July had been thinking very intensely over what Castor was saying. She knew that this was a very difficult situation to understand. She said, slowly, "Okay. I can get why you'd hate people, then." Pause. She chose her words carefully. "Then why do you talk to them so much?"

"I wonder." Castor shrugged.

"You talked to like everyone in this camp. Every. One."

"Yeah, I know."

"You've got to have some reason." July had uncrossed her arms. Castor was looking a little bit too mournful for that, and she would have felt bad. But she kept her voice firm. She couldn't really grasp the situation, couldn't really understand that Castor was really saying the truth, couldn't really understand what Caster was. But she did want to know why he would go to such lengths to speak to people that he evidently disliked.

Castor scuffed his shoe against the dirt.

He wasn't smiling as he said, "I've seen lots of people. Lots and lots. And some of them aren't so bad, I guess, if you talk to them enough."

He turned and ran, but he wasn't smiling.

July hadn't realized it before, but Castor never spoke to the same person twice in a row. Maybe it just would have been too much for him to handle -- speaking for that long to a person he disliked -- or maybe he just didn't have the attention span. Maybe he just didn't feel like it. Maybe he hadn't found anyone he liked here. Or maybe he treated the people he liked the same way he treated people he disliked?

July didn't get a chance to speak to him for the next few days, because he was always busy talking to the counselors. Pestering them with questions, his teeth sharp and eyes bright. He looked happy.

But he did come to July eventually to say, "You know, you don't seem like the type, but I'll say this just in case -- you shouldn't tell anyone about what I said. About me."

July had been reading under the shade of a spindly, dying tree. She looked up to see Castor standing before her, hands jammed in his pockets. He'd finally shed the pink bandaid from his knee. He looked up around at the camp area, raking his eyes over the various bored people littering the area, before looking back to her. His vicious smile was back.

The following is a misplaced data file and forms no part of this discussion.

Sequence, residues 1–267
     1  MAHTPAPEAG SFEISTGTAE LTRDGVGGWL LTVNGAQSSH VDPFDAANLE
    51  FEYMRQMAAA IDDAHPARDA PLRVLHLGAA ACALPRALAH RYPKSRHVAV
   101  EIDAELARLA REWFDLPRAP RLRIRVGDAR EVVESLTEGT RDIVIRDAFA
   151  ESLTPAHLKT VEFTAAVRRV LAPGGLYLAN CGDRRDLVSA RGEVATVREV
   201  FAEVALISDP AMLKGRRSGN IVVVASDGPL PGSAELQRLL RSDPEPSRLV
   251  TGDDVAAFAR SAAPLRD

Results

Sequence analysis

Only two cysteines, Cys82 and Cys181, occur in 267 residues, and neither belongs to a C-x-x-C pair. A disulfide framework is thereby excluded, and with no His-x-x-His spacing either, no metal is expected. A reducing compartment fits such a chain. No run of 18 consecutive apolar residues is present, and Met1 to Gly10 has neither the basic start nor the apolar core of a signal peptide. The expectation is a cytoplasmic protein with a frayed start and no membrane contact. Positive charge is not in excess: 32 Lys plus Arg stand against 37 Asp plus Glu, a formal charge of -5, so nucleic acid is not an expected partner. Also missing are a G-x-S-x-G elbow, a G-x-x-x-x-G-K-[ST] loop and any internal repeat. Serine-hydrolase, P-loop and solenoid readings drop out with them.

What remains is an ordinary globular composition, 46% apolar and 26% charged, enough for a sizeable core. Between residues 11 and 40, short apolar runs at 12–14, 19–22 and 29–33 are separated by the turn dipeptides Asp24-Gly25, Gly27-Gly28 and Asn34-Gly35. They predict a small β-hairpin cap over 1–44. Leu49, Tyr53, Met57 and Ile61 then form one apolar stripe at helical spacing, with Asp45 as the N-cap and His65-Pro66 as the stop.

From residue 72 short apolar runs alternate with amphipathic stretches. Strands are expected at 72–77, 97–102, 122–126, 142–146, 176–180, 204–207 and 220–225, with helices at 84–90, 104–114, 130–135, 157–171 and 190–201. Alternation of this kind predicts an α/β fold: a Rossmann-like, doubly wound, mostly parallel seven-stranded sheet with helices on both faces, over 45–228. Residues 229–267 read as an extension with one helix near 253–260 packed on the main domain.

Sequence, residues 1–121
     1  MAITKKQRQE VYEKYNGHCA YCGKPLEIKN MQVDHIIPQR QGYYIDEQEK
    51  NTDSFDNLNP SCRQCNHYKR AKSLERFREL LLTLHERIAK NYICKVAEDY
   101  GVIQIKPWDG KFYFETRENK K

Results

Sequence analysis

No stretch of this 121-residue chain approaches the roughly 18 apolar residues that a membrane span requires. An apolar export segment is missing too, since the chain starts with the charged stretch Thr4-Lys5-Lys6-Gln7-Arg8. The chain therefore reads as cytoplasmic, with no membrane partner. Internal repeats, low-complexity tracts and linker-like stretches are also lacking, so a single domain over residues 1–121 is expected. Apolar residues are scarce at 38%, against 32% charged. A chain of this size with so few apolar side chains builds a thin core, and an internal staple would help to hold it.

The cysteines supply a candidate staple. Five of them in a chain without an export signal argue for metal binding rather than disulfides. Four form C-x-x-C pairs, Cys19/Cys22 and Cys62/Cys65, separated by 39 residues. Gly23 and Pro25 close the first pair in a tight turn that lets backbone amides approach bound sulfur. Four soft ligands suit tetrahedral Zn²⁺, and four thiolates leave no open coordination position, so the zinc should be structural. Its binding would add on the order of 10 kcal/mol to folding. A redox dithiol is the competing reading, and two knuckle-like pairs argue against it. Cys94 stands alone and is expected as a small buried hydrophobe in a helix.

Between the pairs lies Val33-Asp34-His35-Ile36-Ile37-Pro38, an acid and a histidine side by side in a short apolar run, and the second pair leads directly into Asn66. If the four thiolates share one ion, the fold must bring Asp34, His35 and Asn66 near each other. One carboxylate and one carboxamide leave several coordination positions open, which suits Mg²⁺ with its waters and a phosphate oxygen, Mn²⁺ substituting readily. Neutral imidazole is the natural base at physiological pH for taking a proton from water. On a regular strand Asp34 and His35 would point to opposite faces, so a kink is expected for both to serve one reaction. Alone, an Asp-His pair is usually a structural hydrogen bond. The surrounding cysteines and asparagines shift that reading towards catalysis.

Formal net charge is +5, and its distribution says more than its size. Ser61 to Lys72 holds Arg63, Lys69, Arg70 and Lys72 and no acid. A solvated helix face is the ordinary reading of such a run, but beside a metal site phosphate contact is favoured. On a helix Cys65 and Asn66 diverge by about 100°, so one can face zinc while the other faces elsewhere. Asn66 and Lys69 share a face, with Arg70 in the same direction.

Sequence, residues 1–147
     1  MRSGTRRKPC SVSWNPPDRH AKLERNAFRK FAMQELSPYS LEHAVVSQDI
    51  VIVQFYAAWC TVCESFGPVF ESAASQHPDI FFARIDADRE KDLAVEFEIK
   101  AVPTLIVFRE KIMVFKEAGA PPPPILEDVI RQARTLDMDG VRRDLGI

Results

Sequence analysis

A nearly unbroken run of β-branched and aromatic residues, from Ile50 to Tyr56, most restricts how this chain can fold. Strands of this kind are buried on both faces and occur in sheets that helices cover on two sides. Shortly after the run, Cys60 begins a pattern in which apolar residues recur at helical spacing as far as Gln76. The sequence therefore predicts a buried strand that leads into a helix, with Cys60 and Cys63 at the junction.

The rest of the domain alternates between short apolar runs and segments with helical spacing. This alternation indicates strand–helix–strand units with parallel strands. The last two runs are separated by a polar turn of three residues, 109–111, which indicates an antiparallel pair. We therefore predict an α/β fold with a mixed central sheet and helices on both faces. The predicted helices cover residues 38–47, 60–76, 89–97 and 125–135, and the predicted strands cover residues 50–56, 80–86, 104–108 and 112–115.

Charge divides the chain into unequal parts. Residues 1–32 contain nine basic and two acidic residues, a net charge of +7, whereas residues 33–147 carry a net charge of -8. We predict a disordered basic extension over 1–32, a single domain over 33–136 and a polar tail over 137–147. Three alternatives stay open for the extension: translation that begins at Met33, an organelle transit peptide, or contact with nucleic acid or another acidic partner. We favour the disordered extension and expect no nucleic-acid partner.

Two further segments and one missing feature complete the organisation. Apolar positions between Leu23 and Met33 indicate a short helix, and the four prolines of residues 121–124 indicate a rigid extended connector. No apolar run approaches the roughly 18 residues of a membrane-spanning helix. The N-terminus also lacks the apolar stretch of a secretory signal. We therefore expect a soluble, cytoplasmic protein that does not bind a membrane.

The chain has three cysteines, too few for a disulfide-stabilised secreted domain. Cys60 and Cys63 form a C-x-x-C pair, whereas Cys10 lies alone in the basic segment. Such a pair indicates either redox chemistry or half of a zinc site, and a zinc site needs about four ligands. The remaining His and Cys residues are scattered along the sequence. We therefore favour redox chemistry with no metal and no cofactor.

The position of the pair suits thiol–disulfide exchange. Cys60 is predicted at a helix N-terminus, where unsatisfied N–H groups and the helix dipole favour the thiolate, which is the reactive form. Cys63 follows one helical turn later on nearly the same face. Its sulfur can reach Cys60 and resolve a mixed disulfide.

"They'll think you're crazy, if you tell them I'm immortal. And if they try to do something to me, I'll just end everything myself. They'll take that as proof that I was just mentally unstable, when I said all that to you. I'll be someone else, and I'll move on."


July answered simply, because she had already decided that she would never speak of this to anyone. She had thought over it deeply, and come to the conclusion that this was something that Had To Remain Secret. So she would keep it Secret.

Castor stood there a moment longer. Too long. July couldn't help asking,

"Did you like me, at all?"

He looked down at her, blinking slowly.

She bit her bottom lip. She felt like she'd said something wrong. "-- you told me about what you are. So. Does that mean -- you dislike me less than anyone else?"

Castor laughed. It was a small, silly laugh.

He said, "No."

He said, "No, you're just like most of the others."

He said, "At least you're honest about who you hate. But I don't like you any better."

That had been the last day of camp.

Castor was smiling, as he ran off with his backpack hefted over his shoulders and clambered into a sea-green car that no-doubt belonged to his parents. July watched as the car drove off, obediently waiting for her own parents to pick her up.

Standing beneath the not-pine trees bordering Blue Pines, with the country of France emblazoned across her cheek, she felt very small, and very cruel.